New UNICEF Report Focuses on Gender Equality Instead of Child Survival
(NEW YORK — C-FAM) The latest report from the United Nations Children’s Fund (UNICEF) has prioritized women’s rights over child protection and survival. UNICEF’s “State of the World’s Children Report 2007” tells states that the achievement of “gender equality” and promotion of women’s rights are necessary for the well-being of children.
The report argues that “the status of women and the well-being of children are deeply intertwined” and “advocates for children would be remiss if they failed to champion the cause of gender equality.” Among the recommendations of the report, UNICEF advocates the imposition of quotas to ensure greater women’s participation in politics, focusing additional resources to achieve gender equality and encouraging an increase in number and activity of women’s groups that can “set in motion a process of broad social change that promotes the rights of girls and women for generations to come.”
Upon release of the report in December, UNICEF Executive Director Ann Veneman said, “Gender equality and the well-being of children are inextricably linked. When women are empowered to lead full and productive lives, children and families prosper.”
Critics of UNICEF are increasingly concerned that the organization is in jeopardy of abandoning its primary mission to help children. They note that Director Veneman has chosen to continue using the organization to promote a “rights-based approach” started by Veneman’s predecessor, Carol Bellamy. Dr. Richard Horton, the editor of Britain’s most prestigious medical journal, the Lancet, observed in 2004, “This rights-based approach to the future of children fits well with the zeitgeist of international development policy. But a preoccupation of rights ignores the fact that children will have no opportunity for development at all unless they survive.”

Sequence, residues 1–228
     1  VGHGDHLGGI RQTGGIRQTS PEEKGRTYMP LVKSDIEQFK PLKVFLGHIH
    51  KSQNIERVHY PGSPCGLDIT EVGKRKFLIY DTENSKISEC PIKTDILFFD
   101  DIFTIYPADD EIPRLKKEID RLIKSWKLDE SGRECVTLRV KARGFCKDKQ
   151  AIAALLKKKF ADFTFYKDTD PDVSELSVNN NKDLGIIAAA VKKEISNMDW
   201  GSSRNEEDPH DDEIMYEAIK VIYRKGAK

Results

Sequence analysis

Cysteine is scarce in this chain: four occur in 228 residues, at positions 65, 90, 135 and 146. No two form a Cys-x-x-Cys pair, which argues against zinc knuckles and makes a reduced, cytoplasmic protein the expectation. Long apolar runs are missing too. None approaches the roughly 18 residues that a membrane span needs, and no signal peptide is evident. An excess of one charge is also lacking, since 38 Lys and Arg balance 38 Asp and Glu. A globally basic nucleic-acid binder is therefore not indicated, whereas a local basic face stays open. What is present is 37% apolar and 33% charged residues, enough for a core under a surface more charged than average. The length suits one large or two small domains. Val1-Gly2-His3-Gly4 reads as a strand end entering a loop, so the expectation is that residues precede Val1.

Early in her tenure, Veneman promised a group of social conservative NGOs that she was going to change the direction of UNICEF back to child survival and away from the radical feminist agenda. In October, however, UNICEF attempted to block a pro-life move in the Nicaraguan legislature.
Dr. Douglas Sylva, C-FAM Senior Fellow and author of “The United Nations Children’s Fund: Women or Children First?”, told the Friday Fax, “What is so troubling about this report is that it shows that UNICEF is still in the grasp of ideologues – specifically radical feminists who are willing to undermine basic child survival in order to push their agenda. The report is not even about children. Every dollar spent on radical feminism – transforming the family, reproductive rights, political agitation – is a dollar not spent on saving children from things like malaria and starvation. For the sake of UNICEF and the children it is supposed to serve, it is time to stand up and declare that UNICEF should be about children, and women’s issues (however well or ill-advised) should be left to the myriad UN programs and agencies already dedicated to that agenda.”
According to a major study published in the Lancet in 2005, seventy-three percent of the 10.6 million child deaths worldwide each year are the result of six causes: pneumonia, diarrhea, malaria, neonatal sepsis, pre-term delivery and asphyxia at birth. Experts note that none of these is given more than a passing mention in the body of the 160-page report.
The report is available at: www.unicef.org/sowc07/report/report.php